Chauncey Gardner-Johnson trade completes Eagles’ outstanding offseason

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By Ralph Vacchiano
FOX Sports NFC East Writer

The Philadelphia Eagles were something of a surprise last season, especially after an ugly 2-5 start. With a rookie head coach and a first-year starter at quarterback, they somehow powered their way into the playoffs.

Their stay was short, though.

And for GM Howie Roseman, it wasn’t nearly enough.

“We are not happy about the fact that our season ended in the playoffs,” he said a few days after the Eagles’ run ended with a 31-15 blowout loss in Tampa. “We want to build a team that has home playoff games, gets to play in front of our fan base and really build a team that gets a bye.

“I think until you’re really talking about a team that is hosting home playoff games and getting the one and two seed,” he added, “you’re in building mode.”

And, boy, did Roseman sure use this offseason to build.

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The 47-year-old GM, now in his 13th year running the Eagles, had what might be his best offseason yet. Loaded with draft picks and flush with salary-cap space, he seemingly filled every hole on the Eagles’ roster. And he added the exclamation point to his offseason on Tuesday, when he pulled off a steal by acquiring 24-year-old safety Chauncey Gardner-Johnson from the Saints in a trade.

The trade for Gardner-Johnson, a promising, young defensive back, seemed to come out of nowhere. But it was clear that the Eagles were about to close training camp with the safety position as one of their biggest concerns.

Roseman doesn’t like to leave holes in his roster or questions unanswered. He knew the Saints weren’t going to be able to sign Gardner-Johnson, who still has a year left on his rookie contract. Getting him and a future seventh-round pick for fifth- and sixth-round picks was a bargain the GM just couldn’t pass up.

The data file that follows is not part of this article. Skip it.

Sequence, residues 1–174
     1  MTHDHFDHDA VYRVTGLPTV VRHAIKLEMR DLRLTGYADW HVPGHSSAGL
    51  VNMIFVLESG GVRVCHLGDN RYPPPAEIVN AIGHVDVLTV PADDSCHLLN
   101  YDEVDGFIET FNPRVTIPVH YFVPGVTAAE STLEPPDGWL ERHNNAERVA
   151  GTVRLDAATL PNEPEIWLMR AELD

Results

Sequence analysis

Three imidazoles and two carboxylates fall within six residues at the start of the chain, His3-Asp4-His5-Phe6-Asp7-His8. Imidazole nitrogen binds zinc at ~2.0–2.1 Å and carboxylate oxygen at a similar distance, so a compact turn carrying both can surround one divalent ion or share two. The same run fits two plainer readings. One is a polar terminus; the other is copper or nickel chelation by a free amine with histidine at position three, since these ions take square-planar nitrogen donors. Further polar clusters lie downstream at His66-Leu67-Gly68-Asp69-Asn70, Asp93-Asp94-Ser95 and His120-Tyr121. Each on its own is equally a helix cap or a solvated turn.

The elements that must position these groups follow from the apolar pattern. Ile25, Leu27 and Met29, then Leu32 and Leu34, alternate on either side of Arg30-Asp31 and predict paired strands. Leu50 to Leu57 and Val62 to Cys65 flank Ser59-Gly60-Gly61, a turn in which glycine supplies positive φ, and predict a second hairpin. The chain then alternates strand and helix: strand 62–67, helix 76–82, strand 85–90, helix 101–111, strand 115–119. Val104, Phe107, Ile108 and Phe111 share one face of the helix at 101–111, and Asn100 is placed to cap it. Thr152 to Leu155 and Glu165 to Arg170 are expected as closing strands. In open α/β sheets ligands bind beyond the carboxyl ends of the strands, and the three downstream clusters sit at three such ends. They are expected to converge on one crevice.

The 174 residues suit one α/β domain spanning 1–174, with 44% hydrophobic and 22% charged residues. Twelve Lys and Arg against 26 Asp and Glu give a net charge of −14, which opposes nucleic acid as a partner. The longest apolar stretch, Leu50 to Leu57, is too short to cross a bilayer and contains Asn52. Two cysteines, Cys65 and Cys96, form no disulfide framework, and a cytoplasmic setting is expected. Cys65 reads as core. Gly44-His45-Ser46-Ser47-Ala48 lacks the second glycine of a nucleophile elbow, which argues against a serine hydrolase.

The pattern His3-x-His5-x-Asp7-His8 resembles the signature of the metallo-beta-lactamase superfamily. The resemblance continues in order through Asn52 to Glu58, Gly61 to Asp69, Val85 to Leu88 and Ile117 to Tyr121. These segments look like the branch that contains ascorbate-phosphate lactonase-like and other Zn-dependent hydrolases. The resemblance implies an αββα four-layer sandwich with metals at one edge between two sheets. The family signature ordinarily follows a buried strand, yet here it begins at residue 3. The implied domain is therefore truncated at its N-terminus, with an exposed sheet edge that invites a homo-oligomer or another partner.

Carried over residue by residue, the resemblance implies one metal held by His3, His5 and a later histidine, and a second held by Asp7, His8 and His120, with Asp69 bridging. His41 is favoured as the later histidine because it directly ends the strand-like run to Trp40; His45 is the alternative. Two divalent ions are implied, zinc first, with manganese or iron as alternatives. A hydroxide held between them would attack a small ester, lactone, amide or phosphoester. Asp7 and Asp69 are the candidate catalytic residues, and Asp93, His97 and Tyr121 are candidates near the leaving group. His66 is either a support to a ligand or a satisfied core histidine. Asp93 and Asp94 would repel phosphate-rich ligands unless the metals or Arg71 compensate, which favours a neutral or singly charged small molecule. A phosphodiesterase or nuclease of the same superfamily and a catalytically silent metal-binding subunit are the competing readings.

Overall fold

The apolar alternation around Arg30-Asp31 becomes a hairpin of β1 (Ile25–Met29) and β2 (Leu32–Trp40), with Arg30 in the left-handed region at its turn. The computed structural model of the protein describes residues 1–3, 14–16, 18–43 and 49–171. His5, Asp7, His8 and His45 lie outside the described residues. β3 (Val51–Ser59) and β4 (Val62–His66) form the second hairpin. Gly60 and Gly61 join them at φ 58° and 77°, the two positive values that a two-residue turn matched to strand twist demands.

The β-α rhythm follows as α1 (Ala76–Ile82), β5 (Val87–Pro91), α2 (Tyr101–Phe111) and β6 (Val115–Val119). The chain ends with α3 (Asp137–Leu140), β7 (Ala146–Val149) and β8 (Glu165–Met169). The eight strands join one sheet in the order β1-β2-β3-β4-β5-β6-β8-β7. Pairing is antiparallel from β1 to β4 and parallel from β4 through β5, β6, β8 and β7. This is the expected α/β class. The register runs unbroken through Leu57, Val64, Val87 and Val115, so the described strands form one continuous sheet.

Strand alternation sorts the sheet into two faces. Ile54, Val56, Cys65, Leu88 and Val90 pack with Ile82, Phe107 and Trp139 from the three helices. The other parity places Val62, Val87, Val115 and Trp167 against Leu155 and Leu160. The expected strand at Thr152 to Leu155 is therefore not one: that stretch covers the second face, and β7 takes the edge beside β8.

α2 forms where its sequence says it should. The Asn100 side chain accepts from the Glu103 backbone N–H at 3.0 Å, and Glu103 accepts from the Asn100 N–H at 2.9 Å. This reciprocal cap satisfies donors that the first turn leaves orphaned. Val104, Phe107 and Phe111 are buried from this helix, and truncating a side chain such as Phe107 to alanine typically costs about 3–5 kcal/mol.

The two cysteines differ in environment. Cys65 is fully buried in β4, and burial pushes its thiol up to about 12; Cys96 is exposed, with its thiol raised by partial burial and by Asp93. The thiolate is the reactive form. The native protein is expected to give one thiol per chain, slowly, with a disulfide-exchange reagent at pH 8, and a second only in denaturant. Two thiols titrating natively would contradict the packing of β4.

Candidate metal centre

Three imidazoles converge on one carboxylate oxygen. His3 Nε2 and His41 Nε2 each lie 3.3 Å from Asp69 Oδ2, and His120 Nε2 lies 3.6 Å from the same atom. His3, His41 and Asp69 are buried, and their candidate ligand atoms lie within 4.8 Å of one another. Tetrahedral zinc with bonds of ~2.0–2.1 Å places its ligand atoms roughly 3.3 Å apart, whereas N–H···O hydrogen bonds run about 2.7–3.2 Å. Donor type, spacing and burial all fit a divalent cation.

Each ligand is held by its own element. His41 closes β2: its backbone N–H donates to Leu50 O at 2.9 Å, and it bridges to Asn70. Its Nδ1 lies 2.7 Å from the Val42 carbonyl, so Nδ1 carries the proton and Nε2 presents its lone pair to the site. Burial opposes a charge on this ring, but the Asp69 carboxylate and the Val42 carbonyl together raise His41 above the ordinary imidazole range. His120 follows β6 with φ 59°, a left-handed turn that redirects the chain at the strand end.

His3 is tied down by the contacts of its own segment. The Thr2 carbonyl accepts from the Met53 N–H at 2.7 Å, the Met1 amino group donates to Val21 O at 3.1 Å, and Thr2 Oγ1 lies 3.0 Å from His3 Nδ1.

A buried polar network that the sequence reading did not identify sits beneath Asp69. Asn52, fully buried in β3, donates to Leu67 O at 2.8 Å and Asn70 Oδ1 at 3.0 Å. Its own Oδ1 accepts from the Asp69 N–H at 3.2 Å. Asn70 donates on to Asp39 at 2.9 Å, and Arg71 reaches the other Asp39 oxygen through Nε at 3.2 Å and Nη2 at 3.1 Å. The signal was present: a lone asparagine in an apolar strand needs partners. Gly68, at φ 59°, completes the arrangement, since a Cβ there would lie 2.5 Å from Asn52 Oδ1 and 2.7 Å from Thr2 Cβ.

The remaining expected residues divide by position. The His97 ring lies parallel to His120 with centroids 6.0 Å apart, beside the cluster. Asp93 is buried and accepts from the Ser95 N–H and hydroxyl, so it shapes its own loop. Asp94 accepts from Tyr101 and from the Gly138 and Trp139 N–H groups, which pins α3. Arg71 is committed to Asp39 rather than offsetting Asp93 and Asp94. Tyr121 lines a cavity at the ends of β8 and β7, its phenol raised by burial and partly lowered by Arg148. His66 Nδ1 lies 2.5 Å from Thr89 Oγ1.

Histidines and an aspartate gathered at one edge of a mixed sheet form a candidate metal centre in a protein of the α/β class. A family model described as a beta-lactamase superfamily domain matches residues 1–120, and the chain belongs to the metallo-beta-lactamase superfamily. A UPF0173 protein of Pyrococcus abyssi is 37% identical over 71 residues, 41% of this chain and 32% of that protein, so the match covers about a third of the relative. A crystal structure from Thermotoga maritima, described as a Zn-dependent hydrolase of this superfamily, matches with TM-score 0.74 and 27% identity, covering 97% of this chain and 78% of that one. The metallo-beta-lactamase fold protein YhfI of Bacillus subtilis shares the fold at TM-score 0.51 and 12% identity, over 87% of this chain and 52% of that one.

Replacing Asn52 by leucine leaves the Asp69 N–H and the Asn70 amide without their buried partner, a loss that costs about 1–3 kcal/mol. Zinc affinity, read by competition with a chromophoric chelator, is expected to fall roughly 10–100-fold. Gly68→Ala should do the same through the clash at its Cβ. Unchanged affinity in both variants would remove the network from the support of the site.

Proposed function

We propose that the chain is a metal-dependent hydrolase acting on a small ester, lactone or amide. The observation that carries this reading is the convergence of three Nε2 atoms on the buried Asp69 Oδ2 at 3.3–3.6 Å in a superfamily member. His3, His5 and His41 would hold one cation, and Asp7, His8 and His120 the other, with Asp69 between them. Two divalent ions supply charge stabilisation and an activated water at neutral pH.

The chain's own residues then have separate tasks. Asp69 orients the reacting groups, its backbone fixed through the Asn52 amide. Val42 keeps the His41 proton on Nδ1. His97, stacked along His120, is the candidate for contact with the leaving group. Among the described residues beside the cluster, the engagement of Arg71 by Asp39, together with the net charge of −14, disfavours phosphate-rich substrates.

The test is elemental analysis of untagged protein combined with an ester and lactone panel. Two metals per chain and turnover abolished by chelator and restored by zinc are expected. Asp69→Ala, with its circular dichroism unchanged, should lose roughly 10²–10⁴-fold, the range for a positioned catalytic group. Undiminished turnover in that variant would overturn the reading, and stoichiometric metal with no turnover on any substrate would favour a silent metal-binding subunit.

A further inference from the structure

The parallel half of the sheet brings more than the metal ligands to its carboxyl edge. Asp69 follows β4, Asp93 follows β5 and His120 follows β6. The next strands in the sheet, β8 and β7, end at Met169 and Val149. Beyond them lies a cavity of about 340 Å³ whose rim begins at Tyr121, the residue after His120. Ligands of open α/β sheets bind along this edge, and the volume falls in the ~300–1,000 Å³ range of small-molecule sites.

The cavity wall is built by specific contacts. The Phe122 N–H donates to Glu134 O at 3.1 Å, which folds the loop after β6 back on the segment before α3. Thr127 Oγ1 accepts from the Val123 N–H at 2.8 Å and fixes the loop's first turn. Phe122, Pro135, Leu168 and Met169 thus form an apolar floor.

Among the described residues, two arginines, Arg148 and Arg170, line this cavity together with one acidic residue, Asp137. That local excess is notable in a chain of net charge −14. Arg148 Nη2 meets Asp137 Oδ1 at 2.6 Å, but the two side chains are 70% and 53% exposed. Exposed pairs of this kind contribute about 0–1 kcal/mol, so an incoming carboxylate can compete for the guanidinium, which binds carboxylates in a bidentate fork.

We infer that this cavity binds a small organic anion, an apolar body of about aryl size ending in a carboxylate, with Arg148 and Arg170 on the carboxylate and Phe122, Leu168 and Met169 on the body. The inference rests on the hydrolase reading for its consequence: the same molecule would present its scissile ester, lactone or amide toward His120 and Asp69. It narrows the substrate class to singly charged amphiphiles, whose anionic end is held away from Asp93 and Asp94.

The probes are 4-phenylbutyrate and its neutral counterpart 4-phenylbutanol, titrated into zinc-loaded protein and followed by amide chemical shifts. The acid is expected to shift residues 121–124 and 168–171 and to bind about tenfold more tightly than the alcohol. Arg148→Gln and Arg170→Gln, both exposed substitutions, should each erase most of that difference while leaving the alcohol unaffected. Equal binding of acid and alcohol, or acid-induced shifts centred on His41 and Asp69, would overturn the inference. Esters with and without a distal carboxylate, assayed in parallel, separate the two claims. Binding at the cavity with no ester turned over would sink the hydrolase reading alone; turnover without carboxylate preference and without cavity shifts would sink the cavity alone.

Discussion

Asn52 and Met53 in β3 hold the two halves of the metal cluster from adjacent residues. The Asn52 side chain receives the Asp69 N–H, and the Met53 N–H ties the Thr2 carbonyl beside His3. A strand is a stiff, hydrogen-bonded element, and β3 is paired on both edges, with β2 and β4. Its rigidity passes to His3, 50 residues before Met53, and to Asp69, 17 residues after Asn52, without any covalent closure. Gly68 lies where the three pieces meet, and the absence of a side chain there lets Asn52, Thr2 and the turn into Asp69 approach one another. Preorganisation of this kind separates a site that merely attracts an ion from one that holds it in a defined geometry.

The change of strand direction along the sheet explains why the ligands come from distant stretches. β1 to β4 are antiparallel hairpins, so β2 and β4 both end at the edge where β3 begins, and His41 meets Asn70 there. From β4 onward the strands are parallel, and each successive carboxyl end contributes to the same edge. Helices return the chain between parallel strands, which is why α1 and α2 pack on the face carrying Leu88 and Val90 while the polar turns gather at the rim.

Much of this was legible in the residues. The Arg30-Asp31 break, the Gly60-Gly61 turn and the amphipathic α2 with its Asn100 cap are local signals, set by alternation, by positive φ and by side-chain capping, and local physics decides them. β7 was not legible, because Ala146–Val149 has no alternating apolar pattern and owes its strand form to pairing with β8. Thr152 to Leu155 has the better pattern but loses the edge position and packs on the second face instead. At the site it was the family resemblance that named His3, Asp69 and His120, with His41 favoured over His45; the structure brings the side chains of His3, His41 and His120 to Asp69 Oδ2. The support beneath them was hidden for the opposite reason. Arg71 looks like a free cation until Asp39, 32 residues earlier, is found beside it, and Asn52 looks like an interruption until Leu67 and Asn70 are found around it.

But that really was just the cap on his offseason, during which he systematically addressed every one of the Eagles’ needs — with money, trades and draft picks. A quick rundown:

– The Eagles were second-to-last in sacks last season, so Roseman signed edge-rusher Haason Reddick to a three-year, $45 million contract. Reddick, one of the most undervalued pass rushers on the market, had 11 sacks last season and 23.5 over the past two years.

– Knowing young quarterback Jalen Hurts needed a No. 1 receiver, Roseman used a first- and third-round pick to get one in 25-year-old A.J. Brown in a trade from Tennessee. As if his 185 catches, 2,995 yards and 24 touchdowns in his first three seasons weren’t enough, Brown’s specialty is making tough catches over the middle — a place where Hurts rarely threw last year.

– The Eagles needed help in the secondary to complement cornerback Darius Slay, so Roseman waited out the Giants and their indecision over whether to keep veteran corner James Bradberry. About a week after the Giants finally cut the 2020 Pro Bowler in early May, Roseman snatched him up with a bargain one-year, $7.5 million deal.

– It was clear the Eagles needed to upgrade their linebacking corps, so they didn’t just add Reddick. Roseman signed Kyzir White, a solid starter with the Chargers, to a one-year, $5 million deal. Then he stopped Georgia linebacker Nakobe Dean’s shocking free-fall in the draft by taking the potential first-rounder at No. 83 overall.